Prior to marking the line, everyone should agree to the following guidelines in order to ensure the HighWaterLine is realized in the spirit it is intended.
- Connection to the Line – those who draw the line should have a real connection to the section they are demarcating. It may be the place where they live, work or play. This connection can be loosely interpreted e.g. “I used to play here,” or “This place is of cultural, historical or personal significance to me.”
- Interacting With the Public – A key vision is to use art to share scientific information via one on one conversations. Those creating the line should be comfortable engaging with strangers and open to sharing their stories and the story of the project. The nature of the project is not to win an argument. If someone has a different opinion than you, be willing to accept that and try to find common ground.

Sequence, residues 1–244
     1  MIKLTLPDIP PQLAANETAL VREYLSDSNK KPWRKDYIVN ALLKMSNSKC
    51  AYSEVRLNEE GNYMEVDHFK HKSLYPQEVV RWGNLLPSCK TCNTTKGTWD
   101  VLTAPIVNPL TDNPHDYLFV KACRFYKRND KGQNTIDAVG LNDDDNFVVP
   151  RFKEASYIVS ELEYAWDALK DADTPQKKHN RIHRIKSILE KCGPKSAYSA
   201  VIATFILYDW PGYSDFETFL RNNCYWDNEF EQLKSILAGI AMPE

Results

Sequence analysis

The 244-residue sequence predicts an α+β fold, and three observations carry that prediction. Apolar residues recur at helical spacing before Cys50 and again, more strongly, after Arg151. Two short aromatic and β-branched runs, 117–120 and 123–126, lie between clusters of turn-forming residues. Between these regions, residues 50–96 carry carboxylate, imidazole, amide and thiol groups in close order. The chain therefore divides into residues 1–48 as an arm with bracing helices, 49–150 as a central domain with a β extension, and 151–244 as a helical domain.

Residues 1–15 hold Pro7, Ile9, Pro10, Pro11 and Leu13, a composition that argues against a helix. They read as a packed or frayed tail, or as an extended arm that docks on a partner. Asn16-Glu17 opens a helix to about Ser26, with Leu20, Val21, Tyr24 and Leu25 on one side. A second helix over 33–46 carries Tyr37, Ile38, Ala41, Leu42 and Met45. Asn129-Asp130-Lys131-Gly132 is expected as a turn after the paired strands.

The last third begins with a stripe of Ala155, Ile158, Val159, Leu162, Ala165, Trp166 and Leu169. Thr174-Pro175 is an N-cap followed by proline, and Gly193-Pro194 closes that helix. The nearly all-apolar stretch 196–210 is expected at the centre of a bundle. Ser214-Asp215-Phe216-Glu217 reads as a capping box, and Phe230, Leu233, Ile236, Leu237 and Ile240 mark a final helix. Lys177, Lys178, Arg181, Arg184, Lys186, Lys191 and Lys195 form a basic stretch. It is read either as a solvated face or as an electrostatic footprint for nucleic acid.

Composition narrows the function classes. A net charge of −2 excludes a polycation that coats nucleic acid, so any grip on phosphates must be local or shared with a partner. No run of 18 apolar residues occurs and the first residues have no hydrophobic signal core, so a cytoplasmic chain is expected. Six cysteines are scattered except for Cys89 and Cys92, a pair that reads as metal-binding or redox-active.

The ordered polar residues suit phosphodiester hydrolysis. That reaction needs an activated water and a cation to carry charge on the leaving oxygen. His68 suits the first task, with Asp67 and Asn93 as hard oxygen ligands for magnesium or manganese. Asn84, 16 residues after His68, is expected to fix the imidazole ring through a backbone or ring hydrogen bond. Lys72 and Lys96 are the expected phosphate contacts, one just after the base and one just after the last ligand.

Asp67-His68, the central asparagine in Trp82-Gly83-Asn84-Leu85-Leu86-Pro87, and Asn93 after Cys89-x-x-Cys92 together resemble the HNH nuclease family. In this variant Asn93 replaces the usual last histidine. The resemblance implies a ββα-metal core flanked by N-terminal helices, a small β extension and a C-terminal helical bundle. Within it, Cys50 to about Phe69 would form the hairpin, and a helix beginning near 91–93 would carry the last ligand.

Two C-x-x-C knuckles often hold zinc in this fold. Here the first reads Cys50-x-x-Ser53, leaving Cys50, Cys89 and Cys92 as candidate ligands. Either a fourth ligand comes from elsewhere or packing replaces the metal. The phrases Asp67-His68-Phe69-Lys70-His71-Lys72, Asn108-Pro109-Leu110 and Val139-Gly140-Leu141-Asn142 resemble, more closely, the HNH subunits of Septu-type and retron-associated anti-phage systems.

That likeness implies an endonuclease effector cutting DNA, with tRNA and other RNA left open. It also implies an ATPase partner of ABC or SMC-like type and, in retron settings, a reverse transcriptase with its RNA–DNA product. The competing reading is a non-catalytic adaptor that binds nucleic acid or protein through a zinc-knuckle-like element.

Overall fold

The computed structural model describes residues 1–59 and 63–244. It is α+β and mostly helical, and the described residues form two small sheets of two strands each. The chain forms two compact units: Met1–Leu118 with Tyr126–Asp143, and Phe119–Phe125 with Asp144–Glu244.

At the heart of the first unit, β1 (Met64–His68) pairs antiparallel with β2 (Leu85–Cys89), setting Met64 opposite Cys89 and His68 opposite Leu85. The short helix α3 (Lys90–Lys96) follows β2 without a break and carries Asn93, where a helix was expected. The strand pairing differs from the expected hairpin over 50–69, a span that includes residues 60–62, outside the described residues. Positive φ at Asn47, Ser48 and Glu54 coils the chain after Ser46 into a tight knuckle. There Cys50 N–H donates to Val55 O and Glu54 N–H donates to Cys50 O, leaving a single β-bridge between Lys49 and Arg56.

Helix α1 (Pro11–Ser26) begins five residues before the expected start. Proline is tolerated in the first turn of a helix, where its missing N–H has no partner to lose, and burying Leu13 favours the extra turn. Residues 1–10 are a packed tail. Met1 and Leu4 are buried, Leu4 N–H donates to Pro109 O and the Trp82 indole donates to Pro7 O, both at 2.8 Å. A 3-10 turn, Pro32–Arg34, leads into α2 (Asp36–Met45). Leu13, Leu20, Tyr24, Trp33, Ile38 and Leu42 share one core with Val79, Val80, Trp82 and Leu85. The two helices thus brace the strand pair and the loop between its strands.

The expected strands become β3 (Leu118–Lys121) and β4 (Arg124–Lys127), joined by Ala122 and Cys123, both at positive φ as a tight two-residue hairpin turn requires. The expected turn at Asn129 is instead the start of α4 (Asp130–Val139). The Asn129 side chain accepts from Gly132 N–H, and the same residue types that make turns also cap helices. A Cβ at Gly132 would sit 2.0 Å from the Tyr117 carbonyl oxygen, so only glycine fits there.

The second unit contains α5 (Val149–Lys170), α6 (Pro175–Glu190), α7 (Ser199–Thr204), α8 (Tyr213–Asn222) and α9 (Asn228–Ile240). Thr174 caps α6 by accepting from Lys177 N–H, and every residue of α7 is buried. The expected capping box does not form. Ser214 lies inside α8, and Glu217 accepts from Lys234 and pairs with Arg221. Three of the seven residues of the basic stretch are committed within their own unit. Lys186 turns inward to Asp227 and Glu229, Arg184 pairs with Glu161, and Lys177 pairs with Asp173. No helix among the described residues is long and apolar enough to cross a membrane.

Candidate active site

- Knowledgeable – All those who demarcate the line should have a basic understanding of the data they are bringing to life, as well as ability to discuss solutions.
- Making Time for Curiosity – As the project is based on curiosity-driven learning, the act of marking the line should engender curiosity in the public. Make time and space to respond to questions and engage in conversation. Move at a slow enough pace for people to be able to approach you. If a group of people are marking the line, allow a few people to follow at a distance because a group can be difficult for obxervers to feel comfortable approaching.
- Be Yourself – Your Connection is Enough – This isn’t intended to be a protest, it is an art project – a performance in which you are asked to have conversations with strangers. Your value in the project is that you are a community stakeholder, connected to the line or are (or will be) impacted by climate change.
- Be Honest – It’s perfectly ok to say “I don’t know” in regards to questions people ask. Ideally you will be collaborating with scientists and other experts that you can refer people to.